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Two reasons I chose to wait until 70. 1) Waiting gives DW the highest SS survivor benefit. This was all a part of the plan back when DW (and I) decided to take the lower survivor benefit for my pension (in exchange for a higher monthly benefit until I die.) 2) It gave me a longer period of time to "get rid of" more of my tax-deferred funds which are now subject to RMDs. There are (or more appropriately, were) alternate ways to handle these issues, but it seemed to make sense to me to wait until 70. So far, I'm glad I did. YMMV
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Old 06-13-2017, 09:10 PM   #18
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Originally Posted by braumeister View Post
Seems to be a lot of local variation here.

Like you, I did the file and suspend thing so DW could start collecting spousal when she reached FRA. Then when I hit 70 I just went in to the local SS office to tell them to start sending me the money. The main reason I went in is because I wanted to have them withhold taxes from my benefit.

I didn't have to sign anything to start collecting. I did have to sign a form authorizing the withholding.

This has been a great deal, since we were old enough to get in before they changed the rules. When DW hits 70 she'll start collecting on her own record.
DH filed at FRA and actually started collecting, and I started collecting on his record at my FRA (I am also in that loophole age range that won't exist much longer) so that mine can grow til I'm 70, by which time my own benefit will be a couple thousand a year more that half of his at that time). I'll definitely go to the local office if it's still there in three plus years.

Re the threadjack: plenty of searchable threads debating the "best" time to collect--obviously not a one-size-fits-all so do whatever you think will make you happiest and some people will agree with you and some people won't. No changes in SS policies lately. This thread will deteriorate into that endless back and forth shortly. Sigh.
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Old 06-14-2017, 04:23 AM   #19
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BCG,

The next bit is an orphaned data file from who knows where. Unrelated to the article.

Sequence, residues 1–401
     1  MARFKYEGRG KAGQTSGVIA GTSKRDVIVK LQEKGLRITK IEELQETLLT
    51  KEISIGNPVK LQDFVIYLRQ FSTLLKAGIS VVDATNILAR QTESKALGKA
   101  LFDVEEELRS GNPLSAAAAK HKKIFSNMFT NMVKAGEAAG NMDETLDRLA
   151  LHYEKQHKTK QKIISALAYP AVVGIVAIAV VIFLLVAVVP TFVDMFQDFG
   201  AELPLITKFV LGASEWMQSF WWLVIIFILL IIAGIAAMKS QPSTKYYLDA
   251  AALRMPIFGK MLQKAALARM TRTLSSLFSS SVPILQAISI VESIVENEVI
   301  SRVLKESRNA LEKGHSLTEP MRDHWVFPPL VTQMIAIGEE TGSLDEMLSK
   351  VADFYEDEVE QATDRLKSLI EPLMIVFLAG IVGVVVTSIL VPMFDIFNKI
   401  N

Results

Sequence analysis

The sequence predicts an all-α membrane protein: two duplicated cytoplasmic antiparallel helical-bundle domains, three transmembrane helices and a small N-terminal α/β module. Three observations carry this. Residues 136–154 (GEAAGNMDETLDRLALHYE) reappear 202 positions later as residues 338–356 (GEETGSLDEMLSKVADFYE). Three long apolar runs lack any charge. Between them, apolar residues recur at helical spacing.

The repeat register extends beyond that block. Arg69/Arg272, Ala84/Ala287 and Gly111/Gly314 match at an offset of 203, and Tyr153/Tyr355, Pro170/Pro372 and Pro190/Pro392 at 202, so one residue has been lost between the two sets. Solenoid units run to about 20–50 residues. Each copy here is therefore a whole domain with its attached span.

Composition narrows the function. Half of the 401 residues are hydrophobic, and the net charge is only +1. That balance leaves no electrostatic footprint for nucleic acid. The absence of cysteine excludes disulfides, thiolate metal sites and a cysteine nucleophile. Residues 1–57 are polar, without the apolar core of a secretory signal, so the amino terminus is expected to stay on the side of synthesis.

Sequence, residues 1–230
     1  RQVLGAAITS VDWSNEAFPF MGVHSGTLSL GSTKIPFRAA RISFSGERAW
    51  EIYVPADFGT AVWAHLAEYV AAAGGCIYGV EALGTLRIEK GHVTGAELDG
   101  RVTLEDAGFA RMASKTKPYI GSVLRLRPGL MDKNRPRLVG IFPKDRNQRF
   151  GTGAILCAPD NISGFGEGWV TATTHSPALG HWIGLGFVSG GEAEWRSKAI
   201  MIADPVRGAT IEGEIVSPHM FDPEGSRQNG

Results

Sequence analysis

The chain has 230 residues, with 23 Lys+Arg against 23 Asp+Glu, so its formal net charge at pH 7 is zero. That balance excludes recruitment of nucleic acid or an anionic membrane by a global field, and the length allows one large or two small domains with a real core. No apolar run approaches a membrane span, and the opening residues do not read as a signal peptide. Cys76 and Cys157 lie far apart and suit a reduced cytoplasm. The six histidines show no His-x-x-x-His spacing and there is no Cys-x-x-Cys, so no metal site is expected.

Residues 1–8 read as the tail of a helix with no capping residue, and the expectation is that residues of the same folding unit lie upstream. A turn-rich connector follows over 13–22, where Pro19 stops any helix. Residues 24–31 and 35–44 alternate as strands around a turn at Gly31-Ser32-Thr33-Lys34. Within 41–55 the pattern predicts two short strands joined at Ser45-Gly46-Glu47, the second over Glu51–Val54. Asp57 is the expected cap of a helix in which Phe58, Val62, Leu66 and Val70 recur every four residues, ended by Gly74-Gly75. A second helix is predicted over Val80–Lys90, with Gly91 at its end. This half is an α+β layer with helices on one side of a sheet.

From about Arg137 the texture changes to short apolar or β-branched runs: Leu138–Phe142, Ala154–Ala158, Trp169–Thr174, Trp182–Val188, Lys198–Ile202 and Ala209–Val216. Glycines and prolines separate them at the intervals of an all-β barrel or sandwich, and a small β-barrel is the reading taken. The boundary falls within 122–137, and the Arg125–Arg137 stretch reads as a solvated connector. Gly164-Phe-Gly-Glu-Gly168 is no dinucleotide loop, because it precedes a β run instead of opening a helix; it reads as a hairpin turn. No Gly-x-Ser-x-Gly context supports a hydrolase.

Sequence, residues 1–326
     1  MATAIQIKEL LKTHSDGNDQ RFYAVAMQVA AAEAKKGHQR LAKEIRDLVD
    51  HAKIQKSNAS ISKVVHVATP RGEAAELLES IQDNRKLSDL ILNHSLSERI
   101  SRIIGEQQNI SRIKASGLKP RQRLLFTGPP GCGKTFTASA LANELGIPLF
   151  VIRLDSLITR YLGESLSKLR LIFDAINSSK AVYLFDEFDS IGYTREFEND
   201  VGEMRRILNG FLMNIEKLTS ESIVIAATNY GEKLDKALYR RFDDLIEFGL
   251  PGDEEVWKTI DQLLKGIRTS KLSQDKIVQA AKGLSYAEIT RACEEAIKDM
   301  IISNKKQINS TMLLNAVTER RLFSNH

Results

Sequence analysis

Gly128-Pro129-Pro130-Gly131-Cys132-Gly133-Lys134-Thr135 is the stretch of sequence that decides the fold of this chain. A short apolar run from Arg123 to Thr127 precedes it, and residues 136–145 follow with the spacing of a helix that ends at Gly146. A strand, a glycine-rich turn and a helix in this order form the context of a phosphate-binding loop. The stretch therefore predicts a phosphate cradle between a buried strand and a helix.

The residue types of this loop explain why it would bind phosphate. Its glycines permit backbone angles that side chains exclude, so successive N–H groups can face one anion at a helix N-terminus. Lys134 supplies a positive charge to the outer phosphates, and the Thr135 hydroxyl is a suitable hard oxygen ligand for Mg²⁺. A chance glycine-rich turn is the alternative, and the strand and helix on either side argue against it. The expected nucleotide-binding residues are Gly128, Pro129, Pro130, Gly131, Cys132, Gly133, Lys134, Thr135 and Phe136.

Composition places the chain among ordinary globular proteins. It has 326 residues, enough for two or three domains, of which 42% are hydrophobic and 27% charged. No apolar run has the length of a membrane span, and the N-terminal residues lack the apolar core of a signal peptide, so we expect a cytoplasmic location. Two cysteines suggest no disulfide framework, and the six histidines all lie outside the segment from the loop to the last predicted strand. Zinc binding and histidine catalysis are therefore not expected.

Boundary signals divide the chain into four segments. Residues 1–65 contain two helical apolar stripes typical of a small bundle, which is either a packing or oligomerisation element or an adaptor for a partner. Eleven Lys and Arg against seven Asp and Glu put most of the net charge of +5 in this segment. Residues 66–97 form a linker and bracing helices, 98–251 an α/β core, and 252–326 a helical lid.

There are 4 scenarios, to wit:

Take SS at 62 and die sooner than average. -- I paid more into SS than I collected, but I'm dead and don't care.
Take SS at 70 and die sooner than average. -- I paid more into SS than I collected, but I'm dead and don't care.
Take SS at 62 and die much later than average. -- Taking lower SS could hurt me if my retirement portfolio is not enough for my unexpected long life. Potentially a large cost.
Take SS at 70 and die much later than average. -- I'm getting the maximum, inflation adjusted SS benefit at the same time I'm spending more than expected from my retirement portfolio. Potentially a large advantage.
The absolute amount of dollars received is outweighed by the utility of those dollars in each scenario.

For me, it's the last scenario, longevity risk insurance, not a break-even point.
How about "was planning on taking SS at age 70, but died at 69, and with my dying breath said "could have used the extra cash those last 7 years..."
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Old 06-14-2017, 06:01 AM   #20
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Show me an investment that is guaranteed to earn 8% return, over and above inflation, with no risk of principal loss or dips and I'll consider collecting at 62.
Isn't this true ONLY if you do not use the money. If you take the SS then yes you do not get he 8% uplift over time but you are using the money. To get 8% you still have to use your OTHER resources to live in the meantime.

I am a FRA guy (65 actually when medicare kicks in)